Archive for February, 2008

Gait for Visual surveillance

Thursday, February 21st, 2008

Surveillance technology is now ubiquitous in modern society.  This is due to  the increasing number of crimes as well as the vital need to provide a safer environment. Because of the rapid growth  of security cameras and incapability of manpower to supervise them, the deployment of biometric technologies becomes important for the development of automated visual surveillance systems. Recently, the use of gait for people identification in surveillance applications has attracted researchers from  computer vision.  The suitability of gait recognition for surveillance systems emerges from the fact that gait can be perceived from a distance as well as its non-invasive nature. Although gait recognition is still a new biometric and is not sufficiently mature to be deployed in real world applications such as visual surveillance, it overcomes most of the limitations that other biometrics suffer from such as face, fingerprints and iris recognition which can be obscured in most situations where serious crimes are involved.

Human Motion Perception

Friday, February 8th, 2008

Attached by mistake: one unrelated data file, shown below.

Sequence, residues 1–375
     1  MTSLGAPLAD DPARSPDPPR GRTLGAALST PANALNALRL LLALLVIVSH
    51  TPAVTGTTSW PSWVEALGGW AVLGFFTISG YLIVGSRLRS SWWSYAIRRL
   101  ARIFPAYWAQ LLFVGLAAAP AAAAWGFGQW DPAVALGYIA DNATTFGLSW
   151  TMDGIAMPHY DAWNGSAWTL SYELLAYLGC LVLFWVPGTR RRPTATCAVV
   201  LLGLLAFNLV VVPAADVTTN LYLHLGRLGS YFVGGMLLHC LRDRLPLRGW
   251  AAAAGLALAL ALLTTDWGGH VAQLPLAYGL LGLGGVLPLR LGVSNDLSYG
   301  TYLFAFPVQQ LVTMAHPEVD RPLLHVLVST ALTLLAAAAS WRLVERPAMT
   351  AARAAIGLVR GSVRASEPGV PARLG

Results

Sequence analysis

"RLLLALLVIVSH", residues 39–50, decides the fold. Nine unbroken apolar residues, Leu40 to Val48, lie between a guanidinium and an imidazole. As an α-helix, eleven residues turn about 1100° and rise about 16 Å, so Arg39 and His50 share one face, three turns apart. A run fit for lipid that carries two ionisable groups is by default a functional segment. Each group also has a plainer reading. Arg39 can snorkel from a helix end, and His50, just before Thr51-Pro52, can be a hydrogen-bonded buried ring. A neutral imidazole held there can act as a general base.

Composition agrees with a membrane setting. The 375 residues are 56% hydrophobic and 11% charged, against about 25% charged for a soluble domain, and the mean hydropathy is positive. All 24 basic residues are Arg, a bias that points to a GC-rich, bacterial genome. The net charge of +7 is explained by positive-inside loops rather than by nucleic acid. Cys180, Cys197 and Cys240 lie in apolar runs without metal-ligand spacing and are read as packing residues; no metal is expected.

Although people can discern the state of the subject from a single static image, motion pictures provide even more rich and reliable information for the perception of the different biological, social and psychological characteristics of the person such as emotions, actions and personality traits of the subject. This is because the acquired perceptual knowledge is encoded in the human motion. Furthermore, this notion was also observed by Darwin (1872) in his book “The Expression of Emotions in Man and Animals” where it was stated:

Actions speak louder than pictures when it comes to understanding what others are doing.

The human visual system is very sensitive to motion as it tends to focus attention on moving objects. In contrast to static or motionless objects, which are not as straightforward to detect. Motion is a spatio-temporal event defined as the change of spatial location over time. Given some visual input, the perception of motion is regarded as the process by which the visual system acquires perceptual knowledge about the speed and direction of the moving object. Whilst this process is spontaneous for the human visual system, it has proven to be extraordinarily difficult to duplicate this capability into computer vision systems. - Imed Bouchrika Website© 2003-2007.